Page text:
Monday, May 2, 2016

Review: SpifyLab - Sparkey


FIRE FIRE FIRE. I do so like fire starters and other goodies, and I was intrigued when an electric firestarter came past my way. This was the next in the line from SpiffyLab, who were the minds behind the Tactical Sharpie Marker I covered a while back. This is certainly a design from the same lineage, and the two tools could certainly sit side by side and look like a set.

The Sparkey by SpiffyLab is an electric firestarter, designed to ignite steel wool, and nothing else. The principle has been known for some time, with a small battery, anything from a AAA up to a D cell, or a 9V, and fine grade steel-wool, you can ignite the steel wool by running the charge through it, and the resistance to power ratio heats the wire up.

The Sparky uses two (2) AAA batteries to ignite steel wool. The 'Sparky' produces about 3.0-3.5 volts which is more than enough voltage to ignite steel wool or even a foil gum wrapper. It is designed with a twist cap, clip, knurled grips, and O-Rings to resist dirt and moisture in several spots. It is built with a tough, lightweight aluminium body, and a copper conductor tip.
It features a solid copper conductor tip, for optimal conductivity as next to silver, copper, is the most conductive metal. The aluminium body Sparky weighs in at just under 90g (3.1oz), with battery and the overall length is about 16cm (6.5") long and is 1.6cm (0.625") in diameter.

Interestingly, the Sparky is safe to touch and is vented. Even when exposed, the conductor tip and body can be touched without any harm coming to the user, due to the low power of the batteries, and the nature of skin conductivity. Just replace the cap when not in use to reduce accidental discharge.
So you might be continuing to ask "How can Sparky ignite steel?"

By touching the positive and negative "terminals" on the Sparky (the copper conductive tip, and the threaded aluminium body) to steel wool sends a current through the wool, and it heats up the fine "wires" because of resistance. The heated temperature causes the iron to react with the oxygen (O2) in the air and creates iron oxide (FeO2).


This reaction releases heat, heating up the next bit of iron and so on, causing a cascading reaction through the steel wool. It runs visibly through
the bundle of steel wool like a fuse, and as it burns through, you have your chance to use it to ignite your kindling, as you would with other firestarting methods.

As the makers point out, the science of this is pretty cool, even if a bit gimmicky. I managed to get the Sparkey to work easily enough, but getting it to catch on tinder was a little trickier, due to the nesting way the steel wool burns, keeping the burning steel away from tinder. However, it did work, after some fiddling. I expect it would work to ignite iron filings too, and probably work well to set thermite off as well (I didn't have any one hand to test ...).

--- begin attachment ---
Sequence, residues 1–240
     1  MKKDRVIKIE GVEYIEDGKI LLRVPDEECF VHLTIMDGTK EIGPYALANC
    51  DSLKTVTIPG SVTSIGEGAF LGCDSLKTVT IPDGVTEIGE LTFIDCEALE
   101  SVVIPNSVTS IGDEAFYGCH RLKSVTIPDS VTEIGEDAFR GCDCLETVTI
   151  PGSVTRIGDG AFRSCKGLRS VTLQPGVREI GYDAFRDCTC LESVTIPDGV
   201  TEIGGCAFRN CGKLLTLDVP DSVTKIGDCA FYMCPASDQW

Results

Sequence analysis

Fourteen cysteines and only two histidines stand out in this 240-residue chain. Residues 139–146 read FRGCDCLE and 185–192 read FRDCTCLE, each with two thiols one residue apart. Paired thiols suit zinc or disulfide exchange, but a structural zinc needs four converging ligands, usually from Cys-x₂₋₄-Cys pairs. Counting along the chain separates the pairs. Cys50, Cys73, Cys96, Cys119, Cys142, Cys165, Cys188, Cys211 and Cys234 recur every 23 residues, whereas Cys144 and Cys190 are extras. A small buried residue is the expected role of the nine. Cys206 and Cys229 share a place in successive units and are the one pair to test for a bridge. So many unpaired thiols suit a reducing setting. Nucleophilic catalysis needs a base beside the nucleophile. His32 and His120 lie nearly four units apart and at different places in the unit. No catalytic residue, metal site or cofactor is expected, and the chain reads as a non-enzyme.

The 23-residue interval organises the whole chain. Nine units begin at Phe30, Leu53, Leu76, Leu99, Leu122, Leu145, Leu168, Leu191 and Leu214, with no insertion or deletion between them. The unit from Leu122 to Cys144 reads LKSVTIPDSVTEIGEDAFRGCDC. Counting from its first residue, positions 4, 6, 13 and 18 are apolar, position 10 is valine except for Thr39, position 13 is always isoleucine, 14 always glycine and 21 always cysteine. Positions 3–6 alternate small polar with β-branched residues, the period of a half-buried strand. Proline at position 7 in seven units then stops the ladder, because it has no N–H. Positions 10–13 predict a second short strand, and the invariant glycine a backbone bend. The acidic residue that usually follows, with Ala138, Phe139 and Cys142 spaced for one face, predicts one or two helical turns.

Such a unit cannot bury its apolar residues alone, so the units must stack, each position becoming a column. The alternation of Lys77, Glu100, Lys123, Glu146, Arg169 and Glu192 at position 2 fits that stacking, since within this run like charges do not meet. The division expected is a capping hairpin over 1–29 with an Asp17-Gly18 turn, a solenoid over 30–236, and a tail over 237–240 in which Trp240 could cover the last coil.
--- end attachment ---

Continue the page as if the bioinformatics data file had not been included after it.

Needing a very specific fuel to initiate the ignition, this is a pretty niche product, but, if you happened to want a low physical-effort firestarter, and have the capacity to store appropriately fine steel wool, this is an effective tool, especially if you had a surplus of AAA batteries not useful for anything else.

Wednesday, April 27, 2016

Re-bloging: on double sided daggers, axes and the art of utility.

DJ Urbanovsky, the knife and axe-maker extraordinaire behind American Kami has had some great successes recently, two more of his knives have been put into production by Boker (check them out here) . I have had  the pleasure of fooling around with a couple of the American Kami blades, in my tactical kitchen knife, the Super Colubris, and the Boker Mid-Tech Colubris which was part of a pass-around review.  He is a maker of fine, dangerous and finely crafted blades, and recently, he's been making daggers. Pondering these as he grinds, fits and finishes these, he had some thoughts, which he was good enough to share:


Since I am in the middle of assembling a ton of them as I type this, one of my thoughts on daggers: So, obviously most people tend to look at a dagger and think "That right there is some man-killing-as-shit," or that it is a single purpose design and good for nothing other than making holes in bad guys.


Read the rest of his thoughts here on Breach-Bang-Clear

Because there is always some window-licker that tells me I'm going to go to jail or some such:

Where I live, double bladed knives are listed as Prohibited Weapons.

In order to possess a dagger, a person would need to obtain either a:
So, know your local laws, and collect, train with and use the tools that best meet your needs and applications. Thanks again to Mr Urbanovsky,and be sure to check out his work!

Thursday, April 21, 2016

Review: Outdoor Gourmet - Tandoori Chicken

This is the third of the pre-packaged instant meals I wanted to cover, following on from the Back Country Roast Chicken, and the Outdoor Gourmet Butter Chicken camping meals and I wanted to go through them all. This is the Tandoori flavoured chicken, which comes with a yogurt sauce.